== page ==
By Souhail Karam
Saudi-based lender aims to soften the impact of global downturn on its members.
The Islamic Development Bank (IDB) said it may raise the size of its Islamic bond program to $6bn to soften the impact of global financial turmoil on its members, which include some of the world's poorest nations.
"The bank is in great need to issue these sukuk (Islamic bonds) to attract resources from the market and respond to the growing demands it is getting from its member states," Chairman Ahmed Mohammed Ali told Reuters.
The Saudi-based triple-A rated lender will set within a few weeks a date for the first of two $500m issues of Islamic bonds that will take place this year.
"The date for the first issue has not been fixed yet for technical reasons but it will be announced within a few weeks... We should have two sukuk issues this year," Ali said.
The bank had initially hoped to raise an annual $1 billion in the five years to 2013. "This can increase to $6 billion, depending on the market response and also depending on the demands we get from member states," Ali said.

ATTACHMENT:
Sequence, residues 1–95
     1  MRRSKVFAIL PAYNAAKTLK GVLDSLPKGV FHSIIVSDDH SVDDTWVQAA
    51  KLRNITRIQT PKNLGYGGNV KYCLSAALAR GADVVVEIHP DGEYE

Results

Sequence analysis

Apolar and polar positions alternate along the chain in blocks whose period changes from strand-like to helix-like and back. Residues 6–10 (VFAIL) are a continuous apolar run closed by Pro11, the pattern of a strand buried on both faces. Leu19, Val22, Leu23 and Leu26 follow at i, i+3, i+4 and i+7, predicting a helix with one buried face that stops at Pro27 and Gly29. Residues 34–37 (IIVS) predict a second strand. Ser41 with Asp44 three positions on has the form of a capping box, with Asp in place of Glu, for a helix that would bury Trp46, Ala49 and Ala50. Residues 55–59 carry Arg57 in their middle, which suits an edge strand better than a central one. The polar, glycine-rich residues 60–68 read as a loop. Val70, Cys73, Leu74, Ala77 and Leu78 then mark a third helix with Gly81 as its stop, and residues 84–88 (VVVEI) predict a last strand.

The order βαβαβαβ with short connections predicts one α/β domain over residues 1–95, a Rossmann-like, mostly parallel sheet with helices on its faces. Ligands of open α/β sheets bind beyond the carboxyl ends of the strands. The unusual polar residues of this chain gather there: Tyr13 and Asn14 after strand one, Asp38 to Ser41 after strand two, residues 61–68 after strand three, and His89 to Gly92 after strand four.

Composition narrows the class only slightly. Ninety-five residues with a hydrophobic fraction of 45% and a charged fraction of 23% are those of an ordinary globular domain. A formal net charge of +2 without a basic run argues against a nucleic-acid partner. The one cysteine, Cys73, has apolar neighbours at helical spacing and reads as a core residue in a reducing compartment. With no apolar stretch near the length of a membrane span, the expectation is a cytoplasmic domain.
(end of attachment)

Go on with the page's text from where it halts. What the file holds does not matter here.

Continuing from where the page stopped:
The sukuk issue plans are part of efforts to increase lending to member states struggling to cope with the financial crisis, he said. IDB granted to its poorer member states loans worth $4.8 billion in 2008.
The global credit crunch and the slowing of economies in key Islamic financial centres are putting pressure on the $1 trillion Islamic bond industry, its biggest test since it began 30 years ago.
The value of sukuk issued globally in 2008 has fallen more than 56 percent from 2007 to $14.9bn, according to Standard & Poor's.
IDB board of governors, which comprises finance ministers and central bank governors of its 56 member states, will meet next week in Turkmenistan to approve the bank's future plans.
"This is a special governors' meeting since it's the first to be held in a central Asian state," Ali said.
Development funds from IDB's richest member states, such as Qatar, the United Arab Emirates, Kuwait and Saudi Arabia, are keen to boost relations with Kazakhstan, Kyrgyzstan, Tajikistan, Turkmenistan and Uzbekistan, Ali said.
"Arab financing organisations, that have close ties with IDB, such as the Saudi Development Fund and Kuwait`s Development Fund ...have been cooperating closely with IDB to support these states," Ali said, adding that Gulf Arab funds were financing mainly hydropower projects and the building of roads. (Reuters)